People are my favorite subject matter and I love coffee, so Starbucks was the perfect blend.. It was at a Starbucks that Hope Hanley first introduced me USK.

For me, sketching had become an adventure. An adventure very close to cycling; each moment was completely brand new and you never know who or what you'll run into around the corner or over the next hill. But up to this point I had never met another sketcher. Why was I the only one out there drawing? I chalked it up to not owning a TV or a smartphone. And kept drawing. But to have Hope give me hope that there were others out there too. I wasn't the only one! I have to admit I leaned against the table to maintain my balance which had all the sudden gone wacky due to my weak knees. And I'm not kidding. The ceiling to Starbucks opened up to angels sang Hallelujah hallelujah hallelujah.

Need I say more? I've been hooked ever since.

This group has such a wide variety of artists, I'm constantly being pushed in new directions as I travel with them in their adventures  And that THRILLS me. You can't help but to become a better artist, just by being around them. 

USK has also changed my vision on what painting is all about.

Plein air painting in the park by the Zoo.
The artist in the painting is Charlie Critchelow

Alex Zonis: Thank you for sharing your story, your talent and your sketches with us, Daniel. I happen to know that you will be co-hosting our sketch meet next week, this is just great - our sketchers can meet you in person!

Sunday, August 7, 2016

Spotlight Sunday - Dana Johnson

Spotlight Sunday is series of interviews designed to introduce and highlight Chicago Urban Sketchers individually. Now that our chapter has reached nearly 500 members it has become more of a challenge to meet every single member in person and have a meaningful conversation. These posts concentrate on individuals and speak in their own words.

Dana Johnson

Interviewed by Paul Ingold

Paul: Thanks for participating in our Spotlight Sunday interview, Dana. Can you tell us how you found Urban Sketchers Chicago?

Dana: A few years ago I discovered Urban Sketchers on Instagram and really enjoyed seeing different places around the world through the eyes of artists. When I moved to Chicago last year, I started looking at the Chicago Urban Sketchers sketches on Instagram. It was really fun to see all sites around the city that people were drawing.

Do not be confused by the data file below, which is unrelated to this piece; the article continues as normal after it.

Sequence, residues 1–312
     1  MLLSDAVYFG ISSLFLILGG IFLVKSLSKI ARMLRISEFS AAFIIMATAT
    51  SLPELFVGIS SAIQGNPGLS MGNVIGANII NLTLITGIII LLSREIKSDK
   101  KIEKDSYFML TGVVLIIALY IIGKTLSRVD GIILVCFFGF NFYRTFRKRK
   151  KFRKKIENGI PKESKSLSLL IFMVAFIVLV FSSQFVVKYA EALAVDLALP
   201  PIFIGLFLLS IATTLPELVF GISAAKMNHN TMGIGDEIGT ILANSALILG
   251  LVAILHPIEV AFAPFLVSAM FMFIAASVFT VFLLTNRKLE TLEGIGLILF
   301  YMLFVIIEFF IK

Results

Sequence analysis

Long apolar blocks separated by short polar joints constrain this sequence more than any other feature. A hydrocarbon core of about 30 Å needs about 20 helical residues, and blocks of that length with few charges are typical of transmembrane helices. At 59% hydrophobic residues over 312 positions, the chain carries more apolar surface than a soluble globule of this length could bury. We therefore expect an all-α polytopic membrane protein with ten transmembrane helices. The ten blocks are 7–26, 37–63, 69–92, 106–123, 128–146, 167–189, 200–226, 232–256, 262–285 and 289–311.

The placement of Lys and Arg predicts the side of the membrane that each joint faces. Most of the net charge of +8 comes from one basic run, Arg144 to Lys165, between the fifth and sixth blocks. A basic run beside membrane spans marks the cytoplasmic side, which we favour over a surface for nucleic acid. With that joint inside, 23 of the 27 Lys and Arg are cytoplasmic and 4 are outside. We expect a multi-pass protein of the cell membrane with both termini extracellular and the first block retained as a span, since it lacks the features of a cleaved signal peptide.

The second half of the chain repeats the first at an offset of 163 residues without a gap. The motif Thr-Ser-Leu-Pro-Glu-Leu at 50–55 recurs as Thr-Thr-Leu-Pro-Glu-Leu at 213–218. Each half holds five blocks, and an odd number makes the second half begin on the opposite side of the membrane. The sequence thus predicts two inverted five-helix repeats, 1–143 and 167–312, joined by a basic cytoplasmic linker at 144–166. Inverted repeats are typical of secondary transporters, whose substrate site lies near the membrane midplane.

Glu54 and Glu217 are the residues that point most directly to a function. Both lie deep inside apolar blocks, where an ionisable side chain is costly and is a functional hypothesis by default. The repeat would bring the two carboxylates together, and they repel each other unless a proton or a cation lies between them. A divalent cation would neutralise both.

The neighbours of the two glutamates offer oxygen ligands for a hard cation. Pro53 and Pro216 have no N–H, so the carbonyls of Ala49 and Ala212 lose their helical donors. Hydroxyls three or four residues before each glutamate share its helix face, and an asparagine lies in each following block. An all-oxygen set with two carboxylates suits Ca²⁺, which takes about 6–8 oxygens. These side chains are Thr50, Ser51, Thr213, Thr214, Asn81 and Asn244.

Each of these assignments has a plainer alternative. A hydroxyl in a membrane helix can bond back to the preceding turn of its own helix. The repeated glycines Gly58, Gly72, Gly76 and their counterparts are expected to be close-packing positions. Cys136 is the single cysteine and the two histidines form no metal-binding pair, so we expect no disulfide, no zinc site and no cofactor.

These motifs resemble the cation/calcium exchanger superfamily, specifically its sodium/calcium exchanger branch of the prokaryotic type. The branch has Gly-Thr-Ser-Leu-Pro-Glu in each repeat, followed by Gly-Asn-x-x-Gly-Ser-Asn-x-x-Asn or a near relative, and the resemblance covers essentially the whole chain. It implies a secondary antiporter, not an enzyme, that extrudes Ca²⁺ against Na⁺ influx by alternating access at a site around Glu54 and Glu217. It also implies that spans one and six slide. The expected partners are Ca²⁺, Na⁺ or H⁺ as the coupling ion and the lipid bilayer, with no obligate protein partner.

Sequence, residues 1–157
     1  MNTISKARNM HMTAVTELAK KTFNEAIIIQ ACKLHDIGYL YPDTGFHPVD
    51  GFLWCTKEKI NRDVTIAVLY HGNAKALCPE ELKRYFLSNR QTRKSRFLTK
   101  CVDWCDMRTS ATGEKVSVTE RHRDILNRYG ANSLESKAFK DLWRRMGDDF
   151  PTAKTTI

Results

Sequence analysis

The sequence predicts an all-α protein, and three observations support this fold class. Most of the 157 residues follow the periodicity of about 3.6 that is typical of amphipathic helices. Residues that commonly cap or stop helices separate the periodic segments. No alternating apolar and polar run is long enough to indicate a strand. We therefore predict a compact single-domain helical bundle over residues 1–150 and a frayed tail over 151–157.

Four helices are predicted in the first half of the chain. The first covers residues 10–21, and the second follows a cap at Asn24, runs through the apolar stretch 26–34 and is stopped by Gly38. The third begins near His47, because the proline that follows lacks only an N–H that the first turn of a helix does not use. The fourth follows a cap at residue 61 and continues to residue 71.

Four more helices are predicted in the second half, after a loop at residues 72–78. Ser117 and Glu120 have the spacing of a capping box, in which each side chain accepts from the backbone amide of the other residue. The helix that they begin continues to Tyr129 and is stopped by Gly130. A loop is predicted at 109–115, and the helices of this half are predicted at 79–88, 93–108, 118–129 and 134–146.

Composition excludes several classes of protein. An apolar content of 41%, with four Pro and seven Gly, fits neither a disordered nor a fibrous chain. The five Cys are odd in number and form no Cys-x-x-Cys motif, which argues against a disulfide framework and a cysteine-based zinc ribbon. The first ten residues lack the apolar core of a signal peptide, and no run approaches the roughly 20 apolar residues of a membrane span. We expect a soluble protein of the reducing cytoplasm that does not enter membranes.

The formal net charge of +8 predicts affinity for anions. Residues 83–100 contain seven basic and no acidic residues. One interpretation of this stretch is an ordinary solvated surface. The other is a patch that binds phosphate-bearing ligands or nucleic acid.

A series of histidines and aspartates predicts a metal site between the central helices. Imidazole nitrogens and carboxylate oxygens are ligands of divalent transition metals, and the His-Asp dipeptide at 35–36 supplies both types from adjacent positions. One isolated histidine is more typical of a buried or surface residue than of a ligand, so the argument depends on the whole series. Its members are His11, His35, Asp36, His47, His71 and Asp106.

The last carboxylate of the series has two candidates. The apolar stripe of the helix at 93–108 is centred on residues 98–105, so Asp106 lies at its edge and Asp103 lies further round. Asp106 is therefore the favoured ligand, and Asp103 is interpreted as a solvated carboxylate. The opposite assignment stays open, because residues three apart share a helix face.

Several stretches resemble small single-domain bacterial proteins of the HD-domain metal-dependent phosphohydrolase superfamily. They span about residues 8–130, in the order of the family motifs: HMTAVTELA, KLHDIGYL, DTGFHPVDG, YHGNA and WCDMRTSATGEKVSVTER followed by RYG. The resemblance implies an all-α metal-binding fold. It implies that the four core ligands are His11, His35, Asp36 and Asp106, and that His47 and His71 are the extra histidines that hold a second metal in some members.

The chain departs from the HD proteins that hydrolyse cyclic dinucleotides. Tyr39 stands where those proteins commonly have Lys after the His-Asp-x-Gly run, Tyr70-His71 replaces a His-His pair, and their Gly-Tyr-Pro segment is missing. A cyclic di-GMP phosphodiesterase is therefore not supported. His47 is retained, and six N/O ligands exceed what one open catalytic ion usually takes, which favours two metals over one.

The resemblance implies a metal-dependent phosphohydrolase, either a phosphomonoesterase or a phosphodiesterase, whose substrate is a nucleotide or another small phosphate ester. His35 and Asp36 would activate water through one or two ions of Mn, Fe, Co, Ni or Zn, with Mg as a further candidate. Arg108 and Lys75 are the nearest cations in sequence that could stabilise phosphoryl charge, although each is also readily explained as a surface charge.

Paul: Can I ask where you moved from?

Dana: Sure, I lived in Bondi Beach Australia (near Sydney) before moving to Chicago.

Paul: Very cool. And you also told me that the photo of you sketching (above) was taken in Gnarlaloo, Western Australia. Can you tell us why you like to sketch?

Dana: I love to sketch, it is a great way to really see and remember a place. If I spend 15 minutes observing and sketching in a place I remember the smells, sounds, people when I look back at that sketch. For me it is very relaxing to draw.

Paul: Do you have a favorite sketching tool or materials?

Dana: A small watercolor pan set that I have had for over 15 years, ink usually a micron pen or quill with ink and I really like the fabriano water color blocks. They travel well.

Paul: What would be your favorite place to sketch?

Dana: I love being by the water and Chicago has great spaces by Lake Michigan where you can see the skyline. Millennium and Maggie Daley Parks are also great green spaces, and people watching!

Paul: You sent us four urban sketches. What inspired them? Why are these scenes special to you?

Dana: Sketch 1 - Lincoln Park, one of the first real summer days in Chicago, it was great people watching, everyone was out enjoying the day. I had walked along the lake front and it was a great place to rest and enjoy the view.

Dana: Drawing 2 - The view from my seat on Air Choice One. I had the opportunity to fly with this tiny airline that flies from Chicago. The view over Lake Michigan and the skyline coming into Chicago was fantastic.

Dana: Drawing 3 - Chicago has a lot of great cafés, and most don't mind of you sit and sketch. This image shows my basic set up that I carry with me every day just in case I have a few minutes to sketch.

Dana: Drawing 4 - Ukrainian Village Church. I drew this very soon after arriving in Chicago, I was up on a roof in West Town. I loved the light and overview of the neighborhood.

Paul: What do you do when you are not sketching?

Dana: When I'm not sketching, I work on freelance projects and enjoy being active outside hiking, walking, and spending time with family. I really love pleinair oil painting too.